insurancedefense

There is No Claim for Negligent Infliction of Emotional Distress on Solely Property Damage Loss Cases in Tennessee

The Tennessee Court of Appeals in Richard Lane, et al v. Estate of Gary K. Leggett, No. M2016-00448-COA-R3-CV, 2017 WL 1176982 (Tenn. Ct. App. 2017) discussed whether a Plaintiff can recover for Negligent Infliction of Emotional Distress for a claim that involves only property damage. In this case, the Plaintiff owned a business in White House, Tennessee. The Defendant rear-ended a vehicle and left the roadway at a high rate of speed, causing his car to run into the building that contained the Plaintiff’s business. The vehicle struck a gas meter which resulted in a significant fire and caused a complete loss of the Plaintiff’s business. The Plaintiff was not actually at the property at the time of the loss, but he returned shortly thereafter and witnessed the fire at his business.

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insurancedefense

“Reasonable” Medical Expenses in Tennessee (Amount Billed or Amount Paid?) – The Law After West and Dedmon for Personal Injury Litigation

A very important Tennessee Court of Appeals opinion was issued on June 2, 2016. In this case, Jean Dedmon v. Debbie Steelman, No. W2015-01462-COA-R9-CV (Tenn. Ct. App. June 2, 2016), the Court discussed whether the amount an insurance company actually pays for medical services in a personal injury action, is, as a matter of law, the “reasonable” amount of medical expenses. In order to recover medical expenses under Tennessee law, in a personal injury action, the plaintiff must prove the medical expenses were reasonable and necessary. The reason the Dedmon decision is so important is because of the West v. Shelby County Healthcare Corp., 459 S.W.3d 33 (Tenn. 2014) decision. In the West case, the Tennessee Supreme Court, when interpreting the Tennessee Hospital Lien Act, essentially found that a hospital’s non-discounted charges reflected in their lien, were not reasonable because they do not reflect what is actually being paid in the marketplace. The Court found that, under the Tennessee Hospital Lien Act, the amount actually paid for the hospital charges were the reasonable charges for the services provided, not the amounts billed which were, as a matter of law, unreasonable.

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READ THE REST OF THIS POST AT TENNESSEE DEFENSE LITIGATION HERE

insurancedefense

Tennessee’s One Year Personal Injury Statute of Limitations Extended to Two Years when Criminal Charges are Brought

The 2015 Tennessee legislature passed Public Chapter No. 388 that extends the typical one year statute of limitation for personal injury causes of action (as well as other cause of actions) in certain situations.  This new law went into effect for all causes of action that accrue on or after July 1, 2015.   This statute basically extends the typical one year statute of limitations for cases involving personal injury, libel, false imprisonment, malicious prosecution and compensatory or punitive damage claims under Federal Civil Rights statutes.  In order to take advantage of the two year statute of limitations extension, a criminal charge must be brought pertaining to the incident in question within one year of the incident by (1) a law enforcement officer; (2) a District Attorney General; or (3) a grand jury.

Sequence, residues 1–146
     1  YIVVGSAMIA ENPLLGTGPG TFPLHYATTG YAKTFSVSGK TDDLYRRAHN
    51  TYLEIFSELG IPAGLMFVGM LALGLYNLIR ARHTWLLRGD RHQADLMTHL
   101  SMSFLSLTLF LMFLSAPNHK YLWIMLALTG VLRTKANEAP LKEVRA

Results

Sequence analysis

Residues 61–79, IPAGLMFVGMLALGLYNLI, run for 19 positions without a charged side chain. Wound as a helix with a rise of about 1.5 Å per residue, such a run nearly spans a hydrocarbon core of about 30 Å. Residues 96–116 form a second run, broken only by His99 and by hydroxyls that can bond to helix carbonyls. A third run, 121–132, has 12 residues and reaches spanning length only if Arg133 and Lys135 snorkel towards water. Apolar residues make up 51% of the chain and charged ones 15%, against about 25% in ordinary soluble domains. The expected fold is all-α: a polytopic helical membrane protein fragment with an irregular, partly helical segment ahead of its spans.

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READ THE REST OF THIS POST AT TENNESSEE DEFENSE LITIGATION HERE

auto

If an Individual Passes Out While Driving a Vehicle in Tennessee, are they Responsible if they Cause an Accident?

The Tennessee Court of Appeals recently dealt with the question of the responsibility of an individual who becomes unconscious, while driving, causing an automobile accident.  The Tennessee Court of Appeals in George Smith v. General Tire and Emily Alexander, No. M2012-01446-COA-R3-CV, 2013 WL 2395047 (Tenn. Ct. App. 2013) involved a case where a man was injured in a head-on collision.  The unconscious defendant in this case testified she did not remember anything on the day of the accident from the point she came to a red light on Gallatin Road until she woke up in an ambulance on the way to the hospital.  She had a long history of diabetes but she had never experienced a loss of consciousness prior to the accident in question.  Additionally, she had never been advised by her physician that she should not drive a vehicle.  Her treating physician testified her blood sugar level must have dropped too quickly for her to realize before she became unconscious.

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READ THE REST OF THIS POST AT TENNESSEE DEFENSE LITIGATION HERE

auto

New Tennessee Law Clarifies that Red Light Violation Does Not Occur When Vehicle’s Front Tires Have Entered Intersection When Light Turns Red

In the 2014 Tennessee Legislative session the Tennessee Legislature decided to clarify exactly what constitutes a red light violation in Tennessee.  The legislature amended T.C.A. § 55-8-110 which is the statute that discusses what traffic control signals mean for an intersection.  It defines and explains the meaning of the “green”, “yellow”, and “red” notifications on traffic signal devices.  The Tennessee Legislature passed Public Chapter No. 989 that added a new subsection (e) to T.C.A. § 55-8-110 as follows:

(e) It is not a violation of subdivision (a)(3), unless the front tires of a vehicle cross the stop line after the signal is red.

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